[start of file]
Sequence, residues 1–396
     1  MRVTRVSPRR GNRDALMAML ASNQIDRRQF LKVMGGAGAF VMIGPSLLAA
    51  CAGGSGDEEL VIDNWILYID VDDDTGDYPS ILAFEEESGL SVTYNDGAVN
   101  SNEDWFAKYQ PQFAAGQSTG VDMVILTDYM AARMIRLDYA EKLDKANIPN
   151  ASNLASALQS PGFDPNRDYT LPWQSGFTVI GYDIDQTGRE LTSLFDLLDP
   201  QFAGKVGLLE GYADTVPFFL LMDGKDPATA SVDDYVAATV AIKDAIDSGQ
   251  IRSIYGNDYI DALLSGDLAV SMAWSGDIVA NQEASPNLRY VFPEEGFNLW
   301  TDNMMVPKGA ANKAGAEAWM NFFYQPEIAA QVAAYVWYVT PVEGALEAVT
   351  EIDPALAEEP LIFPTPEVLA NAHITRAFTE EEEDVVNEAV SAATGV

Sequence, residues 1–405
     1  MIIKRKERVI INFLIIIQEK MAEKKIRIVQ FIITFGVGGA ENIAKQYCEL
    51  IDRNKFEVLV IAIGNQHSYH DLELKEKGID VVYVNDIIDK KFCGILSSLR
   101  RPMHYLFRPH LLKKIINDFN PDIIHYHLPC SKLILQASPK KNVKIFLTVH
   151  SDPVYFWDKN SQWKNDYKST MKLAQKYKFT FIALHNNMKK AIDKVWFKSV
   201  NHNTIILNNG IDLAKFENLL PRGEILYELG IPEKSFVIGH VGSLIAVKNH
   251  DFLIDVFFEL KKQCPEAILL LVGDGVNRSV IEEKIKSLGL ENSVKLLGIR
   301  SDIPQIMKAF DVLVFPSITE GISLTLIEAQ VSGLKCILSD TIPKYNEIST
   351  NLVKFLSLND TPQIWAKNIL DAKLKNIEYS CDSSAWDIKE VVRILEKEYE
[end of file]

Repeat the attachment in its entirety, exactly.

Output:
Sequence, residues 1–396
     1  MRVTRVSPRR GNRDALMAML ASNQIDRRQF LKVMGGAGAF VMIGPSLLAA
    51  CAGGSGDEEL VIDNWILYID VDDDTGDYPS ILAFEEESGL SVTYNDGAVN
   101  SNEDWFAKYQ PQFAAGQSTG VDMVILTDYM AARMIRLDYA EKLDKANIPN
   151  ASNLASALQS PGFDPNRDYT LPWQSGFTVI GYDIDQTGRE LTSLFDLLDP
   201  QFAGKVGLLE GYADTVPFFL LMDGKDPATA SVDDYVAATV AIKDAIDSGQ
   251  IRSIYGNDYI DALLSGDLAV SMAWSGDIVA NQEASPNLRY VFPEEGFNLW
   301  TDNMMVPKGA ANKAGAEAWM NFFYQPEIAA QVAAYVWYVT PVEGALEAVT
   351  EIDPALAEEP LIFPTPEVLA NAHITRAFTE EEEDVVNEAV SAATGV

Sequence, residues 1–405
     1  MIIKRKERVI INFLIIIQEK MAEKKIRIVQ FIITFGVGGA ENIAKQYCEL
    51  IDRNKFEVLV IAIGNQHSYH DLELKEKGID VVYVNDIIDK KFCGILSSLR
   101  RPMHYLFRPH LLKKIINDFN PDIIHYHLPC SKLILQASPK KNVKIFLTVH
   151  SDPVYFWDKN SQWKNDYKST MKLAQKYKFT FIALHNNMKK AIDKVWFKSV
   201  NHNTIILNNG IDLAKFENLL PRGEILYELG IPEKSFVIGH VGSLIAVKNH
   251  DFLIDVFFEL KKQCPEAILL LVGDGVNRSV IEEKIKSLGL ENSVKLLGIR
   301  SDIPQIMKAF DVLVFPSITE GISLTLIEAQ VSGLKCILSD TIPKYNEIST
   351  NLVKFLSLND TPQIWAKNIL DAKLKNIEYS CDSSAWDIKE VVRILEKEYE